“Phah! And Miro was my father until a few hours ago. I am no fool, woman! You want to be around a little while longer so that you can rule Eternia through me. That’s always been your goal. Were you really naïve enough to think that I didn’t know?”
“I-I don’t know what you’re talking about.”
“Keep up the charade if you wish,” he mocked. “It doesn’t matter. As I said, I will do as you have asked, but I want something first.”
“What is it?”
“The Havoc Staff. You have always promised it to me when the time is right. That time is now, and I will have it.”
The old witch regarded the skull-topped staff in her hand, and cursed herself for ever saying that she would relinquish it to the boy. She had not expected him to get it until after her death. On the other hand, her death was exactly what she was trying to stave off, which made bequeathing the rod a necessary sacrifice.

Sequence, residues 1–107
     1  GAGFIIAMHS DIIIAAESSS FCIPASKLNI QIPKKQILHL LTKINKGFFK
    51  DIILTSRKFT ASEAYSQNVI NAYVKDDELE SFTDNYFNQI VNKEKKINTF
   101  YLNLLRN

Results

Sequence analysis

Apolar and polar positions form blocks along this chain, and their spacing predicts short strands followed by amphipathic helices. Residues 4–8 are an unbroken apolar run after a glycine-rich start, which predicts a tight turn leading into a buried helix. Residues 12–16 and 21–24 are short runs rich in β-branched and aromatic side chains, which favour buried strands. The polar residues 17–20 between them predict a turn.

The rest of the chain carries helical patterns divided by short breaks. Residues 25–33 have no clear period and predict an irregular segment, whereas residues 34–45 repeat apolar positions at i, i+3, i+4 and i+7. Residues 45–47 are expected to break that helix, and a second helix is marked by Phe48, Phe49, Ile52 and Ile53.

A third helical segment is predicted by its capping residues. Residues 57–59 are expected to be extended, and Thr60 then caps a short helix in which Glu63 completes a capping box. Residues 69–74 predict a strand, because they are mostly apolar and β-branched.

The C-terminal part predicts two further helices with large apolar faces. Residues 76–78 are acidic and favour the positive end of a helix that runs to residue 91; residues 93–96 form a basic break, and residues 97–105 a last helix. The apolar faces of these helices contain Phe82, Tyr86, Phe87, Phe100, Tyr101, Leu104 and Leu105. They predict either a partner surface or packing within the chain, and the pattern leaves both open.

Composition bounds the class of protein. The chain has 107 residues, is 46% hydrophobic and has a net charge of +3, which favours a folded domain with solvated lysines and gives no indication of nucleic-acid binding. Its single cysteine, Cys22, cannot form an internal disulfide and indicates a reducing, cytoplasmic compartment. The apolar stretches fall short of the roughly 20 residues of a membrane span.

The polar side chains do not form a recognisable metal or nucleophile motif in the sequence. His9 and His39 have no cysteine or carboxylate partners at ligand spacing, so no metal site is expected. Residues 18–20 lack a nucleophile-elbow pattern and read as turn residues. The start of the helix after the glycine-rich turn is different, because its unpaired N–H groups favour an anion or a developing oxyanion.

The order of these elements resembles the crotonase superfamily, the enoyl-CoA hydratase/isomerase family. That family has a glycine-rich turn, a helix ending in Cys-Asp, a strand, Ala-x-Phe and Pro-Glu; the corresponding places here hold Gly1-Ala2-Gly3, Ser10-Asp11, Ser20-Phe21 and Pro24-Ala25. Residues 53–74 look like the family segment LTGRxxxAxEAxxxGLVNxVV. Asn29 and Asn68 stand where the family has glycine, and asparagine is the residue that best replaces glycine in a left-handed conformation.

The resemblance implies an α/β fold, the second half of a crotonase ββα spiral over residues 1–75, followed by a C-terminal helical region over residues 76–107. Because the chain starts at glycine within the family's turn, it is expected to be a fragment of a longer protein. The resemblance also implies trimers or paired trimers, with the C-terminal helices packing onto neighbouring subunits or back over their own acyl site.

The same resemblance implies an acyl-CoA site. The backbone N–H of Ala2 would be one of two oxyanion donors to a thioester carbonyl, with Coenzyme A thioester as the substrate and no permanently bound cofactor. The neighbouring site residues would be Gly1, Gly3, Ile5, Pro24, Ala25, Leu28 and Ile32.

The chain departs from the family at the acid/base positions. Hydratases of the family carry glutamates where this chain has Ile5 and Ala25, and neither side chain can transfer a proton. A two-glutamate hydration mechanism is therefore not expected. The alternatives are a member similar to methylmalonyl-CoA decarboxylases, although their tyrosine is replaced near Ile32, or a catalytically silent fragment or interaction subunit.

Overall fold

“Very well,” she agreed ruefully. Shokoti hobbled up the stairs to the throne, and handed the Havoc Staff to him. Currents of magical energy flowed back and forth between them, as she transferred full control of its dark powers to Keldor.
“It is done,” she said finally.
He yanked the staff away from her with such force that she almost toppled down the stairs. “Excellent!”
Just then, Kronis made his way through the open throne room doors. He was still badly bruised and injured from being dragged back to Snake Mountain. “Your warriors are familiarizing themselves with Snake Mountain. This fortress of yours is amazing, Keldor…and terrifying at the same time.”
“Not nearly as terrifying as me, Kronis. Keep that in mind while I am away.”
“Yes, I am going to the Berserk Islands. I won’t be gone long, and while I am away you will follow her orders”—he pointed toward Shokoti—“as you would my own.”